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Great Pyramid hidden chamber set for re-scan

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third_eye

I bet they find more than what they bargained for ... 

~

 

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third_eye
2 minutes ago, Not A Rockstar said:

You think so? I would love it if they did find something overlooked all these years with the various and assorted people tearing it apart for loot -- I mean, historical information and artifacts. I will be surprised if they missed much though.

I would adore it if they did find a whole room to rival the King Tut loot... er, find.

Either way, find something, big or little, or nothing at all, it's going to be not what they bargained for... 

There's going to be a huge insult flinging season no matter what the outcome, the battle lines were drawn a long time ago. 

:yes:

~

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Not A Rockstar
2 minutes ago, third_eye said:

Either way, find something, big or little, or nothing at all, it's going to be not what they bargained for... 

There's going to be a huge insult flinging season no matter what the outcome, the battle lines were drawn a long time ago. 

:yes:

~

oo you know something I don't about it then. I'm just hoping for a new, and wonderful find. I was disappointed when they had the build up over the wall in Tut's tomb that didn't pan out. 

One thing about the GP is it always seemed way grander than what we found there, so finding a new room or something would make sense. But, IDK....

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Not A Rockstar

I have always wished they would find a stash of ancient scrolls and documents from the Library at Alex stashed somewhere, ones we don't have copies left of. Just some, you know? Even one or two would be awesome.

But, anyway, back to reality, right? LOL

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third_eye
1 minute ago, Not A Rockstar said:

oo you know something I don't about it then. I'm just hoping for a new, and wonderful find. I was disappointed when they had the build up over the wall in Tut's tomb that didn't pan out. 

One thing about the GP is it always seemed way grander than what we found there, so finding a new room or something would make sense. But, IDK....

Nahhhhh... Something that stuck to my mind when I was involved in a chat with a couple of pals over this, thing is, if the calibrations got wrong by just millimetre, it's a difference between solid rocks only but a room just millimetres further on is not seen, another thing is, if there is a space but is back filled with the same materials around, it's practically invisible to the scans, but the walls and ceiling might be filled with painted glyphs telling the entire tale of who built it, or not 

:lol:

~

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Not A Rockstar
4 minutes ago, third_eye said:

Nahhhhh... Something that stuck to my mind when I was involved in a chat with a couple of pals over this, thing is, if the calibrations got wrong by just millimetre, it's a difference between solid rocks only but a room just millimetres further on is not seen, another thing is, if there is a space but is back filled with the same materials around, it's practically invisible to the scans, but the walls and ceiling might be filled with painted glyphs telling the entire tale of who built it, or not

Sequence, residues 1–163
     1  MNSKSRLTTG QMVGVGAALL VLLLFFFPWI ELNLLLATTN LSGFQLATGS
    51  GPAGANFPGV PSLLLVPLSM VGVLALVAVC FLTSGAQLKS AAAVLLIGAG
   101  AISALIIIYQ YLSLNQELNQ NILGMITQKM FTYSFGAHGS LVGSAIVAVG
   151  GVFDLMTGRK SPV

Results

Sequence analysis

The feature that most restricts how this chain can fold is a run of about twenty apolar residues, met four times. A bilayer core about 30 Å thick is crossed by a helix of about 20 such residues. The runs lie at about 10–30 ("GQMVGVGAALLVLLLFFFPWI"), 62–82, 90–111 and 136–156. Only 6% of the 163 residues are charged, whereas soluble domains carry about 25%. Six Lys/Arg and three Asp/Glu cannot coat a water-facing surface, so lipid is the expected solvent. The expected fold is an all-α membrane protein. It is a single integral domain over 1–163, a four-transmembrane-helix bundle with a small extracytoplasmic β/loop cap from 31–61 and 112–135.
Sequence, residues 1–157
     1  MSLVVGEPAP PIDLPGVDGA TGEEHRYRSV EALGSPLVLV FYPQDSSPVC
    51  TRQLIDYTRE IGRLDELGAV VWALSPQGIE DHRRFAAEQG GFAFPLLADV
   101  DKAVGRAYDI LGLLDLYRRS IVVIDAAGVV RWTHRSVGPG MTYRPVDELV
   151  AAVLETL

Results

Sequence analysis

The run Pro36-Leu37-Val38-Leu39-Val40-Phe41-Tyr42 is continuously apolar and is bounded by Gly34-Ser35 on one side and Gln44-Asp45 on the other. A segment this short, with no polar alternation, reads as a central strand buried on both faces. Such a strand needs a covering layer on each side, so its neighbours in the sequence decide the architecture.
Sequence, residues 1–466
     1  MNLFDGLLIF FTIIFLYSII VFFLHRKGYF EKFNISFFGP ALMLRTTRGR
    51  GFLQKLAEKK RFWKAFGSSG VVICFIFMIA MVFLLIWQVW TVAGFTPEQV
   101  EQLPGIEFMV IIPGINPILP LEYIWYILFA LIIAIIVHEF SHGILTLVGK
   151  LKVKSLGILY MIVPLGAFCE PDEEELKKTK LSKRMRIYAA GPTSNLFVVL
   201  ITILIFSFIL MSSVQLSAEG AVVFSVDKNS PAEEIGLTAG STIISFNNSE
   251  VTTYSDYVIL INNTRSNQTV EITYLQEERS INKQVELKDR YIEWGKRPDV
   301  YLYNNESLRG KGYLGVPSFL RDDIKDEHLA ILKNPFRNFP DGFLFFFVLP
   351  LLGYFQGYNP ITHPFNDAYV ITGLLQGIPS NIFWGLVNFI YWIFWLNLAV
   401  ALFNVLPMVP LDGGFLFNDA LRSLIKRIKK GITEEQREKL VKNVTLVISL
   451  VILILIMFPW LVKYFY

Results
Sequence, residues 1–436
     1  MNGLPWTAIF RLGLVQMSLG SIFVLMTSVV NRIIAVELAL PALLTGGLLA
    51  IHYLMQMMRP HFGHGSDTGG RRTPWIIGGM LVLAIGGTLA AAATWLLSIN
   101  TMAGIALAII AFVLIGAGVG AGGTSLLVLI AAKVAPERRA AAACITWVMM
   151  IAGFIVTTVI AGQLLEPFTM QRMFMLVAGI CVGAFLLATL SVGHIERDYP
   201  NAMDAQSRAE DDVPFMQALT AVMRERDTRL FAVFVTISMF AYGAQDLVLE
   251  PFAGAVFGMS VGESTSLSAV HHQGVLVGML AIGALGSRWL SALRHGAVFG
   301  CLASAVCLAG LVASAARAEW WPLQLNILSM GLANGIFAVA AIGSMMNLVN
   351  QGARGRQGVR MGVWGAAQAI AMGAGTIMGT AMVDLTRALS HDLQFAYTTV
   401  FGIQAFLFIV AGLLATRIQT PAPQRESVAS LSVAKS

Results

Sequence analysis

:lol:

~

Yeah I worked with radar and penetration technology in parts of what I did when in the military and totally true that if it is backfilled well enough it will appear solid and go unfound. Surely the tech has advanced from what was cutting edge then, though. I was just thinking that if they do find something missed over and over, we might see a lot of nice tombs getting basically mauled to be sure nothing else is in there after all :( 

I'd settle for some new stories in hieroglyphs painted all over and still in good condition :)

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third_eye
3 minutes ago, Not A Rockstar said:

Surely the tech has advanced from what was cutting edge then, though

I'm not sure but as far as I am able to understand it, I think it's we are able to see better with less but not much more of what was impossible years ago. That's still pretty much still in the thick and dark. Funny thing is, the more I look at it, the more I believe that there is too much from too little, sometimes I do wonder about that mountain of data extracted from such small sampling but inspires such a great amount of speculative. 

Frankly, and from recent unexpected finds, I believe there's more to be found under present day cities around the historical sites. 

~

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Not A Rockstar
2 minutes ago, third_eye said:

Frankly, and from recent unexpected finds, I believe there's more to be found under present day cities around the historical sites. 

~

Yes, I am confident there is a great deal left to be found, especially away from the known sites. Perhaps, in time, something will be found. They seem to focus on burial sites the most though. I am very curious about areas which once were not covered in sand dunes, where there may have been trade routes a bit south of the areas more focused on, myself.

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third_eye
2 minutes ago, Not A Rockstar said:

Yes, I am confident there is a great deal left to be found, especially away from the known sites. Perhaps, in time, something will be found. They seem to focus on burial sites the most though. I am very curious about areas which once were not covered in sand dunes, where there may have been trade routes a bit south of the areas more focused on, myself.